New York Estate Planning can take many forms. One aspect of a plan can involve the creation and use of a trust. There are a number of different types of trusts and benefits that may be obtained from their utilization.
For instance, a Testamentary Trust is created by a Last Will and Testament. The provisions of the trust are part of the Will itself. Testamentary trusts can be used to provide for minimizing estate taxes by taking advantage of the exemption provided by the estate tax law. These types of trusts can also be used for other reasons such as establishing a means to administer and manage trust funds for a minor or for a person who may lack the ability to be responsible for large sums of money. Sometimes there may be the need to create a Supplemental Needs Trust. This type of trust allows a fund to be utilized for the benefit of a person who is receiving government assistance such as Medicaid without disqualifying the recipient from future government payments.
An Inter Vivos Trust is a trust that is set up as a separate document during the lifetime of the creator. A common form of an inter vivos trust is a Living Trust or Grantor Trust. This document can provide many different benefits including the avoidance of probate, estate planning and tax minimization, and a mechanism for property management in the event the creator becomes disabled or incapacitated.
Whenever a trust is created it is important that the trustees are carefully selected so that they will carry out the intentions of the creator and protect the interests of the beneficiaries. Unfortunately, there are many instances where there is controversy between the trustees and beneficiaries. In a recent case entitled “Trust of Frederick Brockway Gleason, Jr.” decided by Manhattan Surrogate Nora Anderson on November 12, 2013 and reported in the New York Law Journal on November 25, 2013, a successor income beneficiary of a trust claimed that a trustee breached its fiduciary duties by allowing the trust principal to be invaded for the benefit of the initial income beneficiary who was her father. The court denied the beneficiary’s request for summary judgment which left the matter open for future litigation and a trial on the merits.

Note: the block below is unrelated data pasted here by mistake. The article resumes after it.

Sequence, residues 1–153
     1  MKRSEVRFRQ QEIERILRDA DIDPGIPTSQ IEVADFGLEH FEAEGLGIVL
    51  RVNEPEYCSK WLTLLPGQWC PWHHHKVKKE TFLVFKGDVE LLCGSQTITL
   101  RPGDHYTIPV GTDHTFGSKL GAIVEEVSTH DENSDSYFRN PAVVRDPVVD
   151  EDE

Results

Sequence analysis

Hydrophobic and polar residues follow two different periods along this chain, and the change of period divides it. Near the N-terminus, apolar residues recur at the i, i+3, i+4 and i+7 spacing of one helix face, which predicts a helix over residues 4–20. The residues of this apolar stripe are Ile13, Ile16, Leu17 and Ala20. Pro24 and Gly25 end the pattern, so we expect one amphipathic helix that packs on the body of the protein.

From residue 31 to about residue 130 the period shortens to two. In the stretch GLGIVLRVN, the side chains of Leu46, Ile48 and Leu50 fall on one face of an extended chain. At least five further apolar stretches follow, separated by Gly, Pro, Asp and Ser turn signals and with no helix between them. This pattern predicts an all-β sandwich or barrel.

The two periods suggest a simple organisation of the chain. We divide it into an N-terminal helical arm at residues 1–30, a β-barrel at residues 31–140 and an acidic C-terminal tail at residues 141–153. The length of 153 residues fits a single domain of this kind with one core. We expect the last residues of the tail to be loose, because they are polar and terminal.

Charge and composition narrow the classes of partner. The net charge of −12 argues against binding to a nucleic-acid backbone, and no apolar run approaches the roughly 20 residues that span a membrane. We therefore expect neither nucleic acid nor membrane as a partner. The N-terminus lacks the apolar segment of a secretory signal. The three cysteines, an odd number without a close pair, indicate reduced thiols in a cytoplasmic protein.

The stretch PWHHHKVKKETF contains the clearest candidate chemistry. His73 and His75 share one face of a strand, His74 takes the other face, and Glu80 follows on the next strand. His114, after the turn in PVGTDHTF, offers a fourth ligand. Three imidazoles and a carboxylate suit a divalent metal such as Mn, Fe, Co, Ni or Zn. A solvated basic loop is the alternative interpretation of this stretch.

In another interesting case, grandchildren of the late Walt Disney are involved in a court battle regarding a trust. As reported by Joshua Gardner in MailOnline on November 25, 2013 it is alleged that trustees of a trust fund held for Walt Disney’s grandson have been wrongfully withholding payments from the grandson. A court date is scheduled for December 5, 2013.
I have represented many individuals regarding the creation and administration of trusts including testamentary trusts, inter vivos trusts and supplemental needs trusts. All of these instruments can be very helpful in expressing the intention and desires of the creator and may provide tax benefits or protection and asset management for persons such as a minor or those with incapacitating conditions.